CLEARWATER — There are no plans to move the Clearwater Police Department’s Safety Harbor gun range indoors.
Police Chief Daniel Slaughter told the Beacon last week that plans for a future District 3 Operations and Training Center does not include an inside, live-fire range. Slaughter — who has fielded noise complaints from residents near the range at 2851 McMullen Booth Road — worries that residents got the wrong message when he described the proposed, Category 5-strength building, for District 3 during a budget hearing in August.
Slaughter told councilmembers Aug. 22 the new facility would include a SWAT training facility, and fire range training, but the department still relies on portable classrooms for other law enforcement training.
When Slaughter told the council, “We’d like to get rid of those trailers and get everything under one roof,” that did not include moving the present outdoor firing range — which had just been overhauled to the tune of $2 million — indoors, Slaughter said.
“I don’t want local residents to get the wrong impression,” he told the Beacon.
The firing range reopened after the renovation in 2017, and since then the range has added floor-to-ceiling sound barriers on posts, above the targets, and exposed concrete above existing foam.
“They built a whole new range out there,” said Clearwater Police Lt. Michael Walek. “It has a staggered roof that baffles sound while keeping rain off officers and it’s got a good amount of absorbent foam for sound baffling. It’s a state-of-the-art range.”
Police spokesman Rob Shaw said resident complaints have subsided since the gun range underwent improvements.
“The current outdoor shooting range at that site is partially covered and has multiple sound-limiting devices in place to minimize noise issues to nearby residents,” he said.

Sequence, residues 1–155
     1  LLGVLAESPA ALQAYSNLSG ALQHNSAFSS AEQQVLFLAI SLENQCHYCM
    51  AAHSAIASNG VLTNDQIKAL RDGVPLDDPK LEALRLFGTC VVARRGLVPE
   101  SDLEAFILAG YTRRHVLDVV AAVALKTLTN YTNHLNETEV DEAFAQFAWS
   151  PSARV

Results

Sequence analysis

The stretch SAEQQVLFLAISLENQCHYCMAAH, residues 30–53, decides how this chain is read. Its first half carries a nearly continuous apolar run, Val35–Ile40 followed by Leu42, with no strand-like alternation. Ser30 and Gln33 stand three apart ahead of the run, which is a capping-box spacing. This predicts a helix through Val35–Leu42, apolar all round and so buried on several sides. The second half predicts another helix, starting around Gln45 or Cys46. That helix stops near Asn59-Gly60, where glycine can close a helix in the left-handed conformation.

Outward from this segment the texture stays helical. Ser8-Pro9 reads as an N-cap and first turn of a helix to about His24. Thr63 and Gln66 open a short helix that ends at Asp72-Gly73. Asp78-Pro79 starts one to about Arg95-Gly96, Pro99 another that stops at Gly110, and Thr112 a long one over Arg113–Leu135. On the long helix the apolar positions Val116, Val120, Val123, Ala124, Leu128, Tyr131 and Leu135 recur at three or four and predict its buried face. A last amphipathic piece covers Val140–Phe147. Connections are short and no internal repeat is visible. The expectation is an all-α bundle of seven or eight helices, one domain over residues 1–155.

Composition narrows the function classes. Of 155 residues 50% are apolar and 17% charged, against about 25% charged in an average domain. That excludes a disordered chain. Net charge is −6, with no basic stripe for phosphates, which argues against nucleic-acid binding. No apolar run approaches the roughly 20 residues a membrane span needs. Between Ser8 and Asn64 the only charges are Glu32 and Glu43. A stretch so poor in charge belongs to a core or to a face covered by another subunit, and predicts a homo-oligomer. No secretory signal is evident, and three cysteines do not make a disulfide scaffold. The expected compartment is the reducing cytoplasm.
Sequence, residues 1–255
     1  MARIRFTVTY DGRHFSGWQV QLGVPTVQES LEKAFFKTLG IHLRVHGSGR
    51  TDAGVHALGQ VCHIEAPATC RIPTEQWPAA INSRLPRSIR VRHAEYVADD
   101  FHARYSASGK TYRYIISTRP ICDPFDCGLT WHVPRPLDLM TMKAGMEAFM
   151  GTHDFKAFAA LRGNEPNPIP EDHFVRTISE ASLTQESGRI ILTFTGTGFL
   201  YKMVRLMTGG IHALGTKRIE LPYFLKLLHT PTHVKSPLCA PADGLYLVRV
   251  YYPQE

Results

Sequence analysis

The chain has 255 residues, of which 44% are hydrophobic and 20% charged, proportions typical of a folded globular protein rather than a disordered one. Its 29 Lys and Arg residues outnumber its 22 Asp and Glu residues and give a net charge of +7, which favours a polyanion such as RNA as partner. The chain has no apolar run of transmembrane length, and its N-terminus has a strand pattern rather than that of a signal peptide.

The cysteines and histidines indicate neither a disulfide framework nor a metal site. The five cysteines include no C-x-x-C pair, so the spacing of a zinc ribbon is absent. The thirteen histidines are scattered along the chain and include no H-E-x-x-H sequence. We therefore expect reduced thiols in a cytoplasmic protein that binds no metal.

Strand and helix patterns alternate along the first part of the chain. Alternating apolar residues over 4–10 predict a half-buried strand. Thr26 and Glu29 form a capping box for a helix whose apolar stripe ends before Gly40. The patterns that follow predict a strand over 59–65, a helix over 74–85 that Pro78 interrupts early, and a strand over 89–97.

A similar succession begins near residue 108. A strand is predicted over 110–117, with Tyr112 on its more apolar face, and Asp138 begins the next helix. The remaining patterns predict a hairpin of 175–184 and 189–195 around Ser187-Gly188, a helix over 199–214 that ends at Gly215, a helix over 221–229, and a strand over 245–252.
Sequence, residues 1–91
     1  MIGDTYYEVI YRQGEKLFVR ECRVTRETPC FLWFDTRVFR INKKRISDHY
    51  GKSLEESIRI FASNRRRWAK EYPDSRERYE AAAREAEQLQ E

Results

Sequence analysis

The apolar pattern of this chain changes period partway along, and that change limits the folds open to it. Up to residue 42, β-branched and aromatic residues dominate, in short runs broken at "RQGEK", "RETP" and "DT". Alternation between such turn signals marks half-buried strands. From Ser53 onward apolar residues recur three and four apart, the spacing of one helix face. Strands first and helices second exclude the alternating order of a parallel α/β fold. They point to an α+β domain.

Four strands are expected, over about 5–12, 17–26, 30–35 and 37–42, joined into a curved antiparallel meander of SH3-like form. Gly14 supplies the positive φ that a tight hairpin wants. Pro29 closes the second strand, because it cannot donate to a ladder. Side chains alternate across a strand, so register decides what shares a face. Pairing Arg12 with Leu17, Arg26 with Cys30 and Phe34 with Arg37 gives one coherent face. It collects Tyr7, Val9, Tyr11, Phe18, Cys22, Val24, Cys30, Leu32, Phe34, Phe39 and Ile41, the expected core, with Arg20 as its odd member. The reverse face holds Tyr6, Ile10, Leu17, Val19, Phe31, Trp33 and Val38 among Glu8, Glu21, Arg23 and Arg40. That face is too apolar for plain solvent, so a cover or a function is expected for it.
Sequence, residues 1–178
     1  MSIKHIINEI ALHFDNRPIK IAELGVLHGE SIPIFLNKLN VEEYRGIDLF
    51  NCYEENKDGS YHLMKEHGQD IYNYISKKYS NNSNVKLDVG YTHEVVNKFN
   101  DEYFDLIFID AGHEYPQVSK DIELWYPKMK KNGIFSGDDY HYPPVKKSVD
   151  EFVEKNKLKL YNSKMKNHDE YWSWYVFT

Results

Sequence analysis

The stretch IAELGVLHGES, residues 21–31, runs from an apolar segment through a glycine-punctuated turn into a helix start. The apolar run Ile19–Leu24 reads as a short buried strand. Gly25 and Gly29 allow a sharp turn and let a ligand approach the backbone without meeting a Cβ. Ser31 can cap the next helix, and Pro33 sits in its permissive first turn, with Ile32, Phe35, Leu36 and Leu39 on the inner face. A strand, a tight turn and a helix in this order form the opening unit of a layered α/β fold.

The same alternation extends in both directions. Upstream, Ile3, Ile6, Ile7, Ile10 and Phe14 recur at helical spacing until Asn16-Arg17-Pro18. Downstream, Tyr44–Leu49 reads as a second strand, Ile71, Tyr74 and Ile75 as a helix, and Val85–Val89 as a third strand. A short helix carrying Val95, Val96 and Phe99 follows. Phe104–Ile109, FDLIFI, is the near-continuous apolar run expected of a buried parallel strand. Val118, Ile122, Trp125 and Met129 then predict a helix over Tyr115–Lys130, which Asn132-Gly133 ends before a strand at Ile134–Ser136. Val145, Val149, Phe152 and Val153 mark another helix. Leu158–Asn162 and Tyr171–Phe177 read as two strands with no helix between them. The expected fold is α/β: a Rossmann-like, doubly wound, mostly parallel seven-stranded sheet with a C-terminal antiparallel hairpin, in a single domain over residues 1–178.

However, the police department does want to introduce a new, indoor, virtual training system that uses digital targeting software and other high-tech tools, Shaw said.
“The department currently uses a version of Fire Arms Training Simulato, which is now is at the end of its useful life,” Shaw said. “There are several manufacturers of these products, and no particular product has been selected.”
FATS, which is produced by Meggitt Training Systems, uses video screens to put officers in the middle of various scenarios — felony traffic stops, hostage situations, home invasion, as well as advancing on suspects in a store, a bank, in a parking lot, or an active shooter inside a school, for instance. The programs can be manipulated to train officers in low-light and other challenging environments.
Other technologies, such as Multiple Interactive Learning Objectives (MILO), use a room-length screen along multiple walls to immerse trainees into a 300-degree view of an event. The training officer, for instance, can walk into a “park” with children playing on equipment to his left, with a suspect walking on a path to his right, and people playing soccer in the grass ahead of the officer. Each of the people in the scene acts independently, teaching officers in pursuit how to evaluate fluid situations.
The “firearms” are linked to the system and shoot beams of light instead of real bullets, though MILO training can be used with live firing pistols, too.
Up to four weapons can be assigned to each student and in marksmanship situations, up to three systems can be connected, supporting up to 48 weapons and 15 students, the company website states.
The police department can choose from many vendors, including MILO, VirTra Training Simulators, Street Smarts Virtual Reality Training, Apex Officer, and many others.
“There are too many brands to list and we have not selected one,” Shaw said.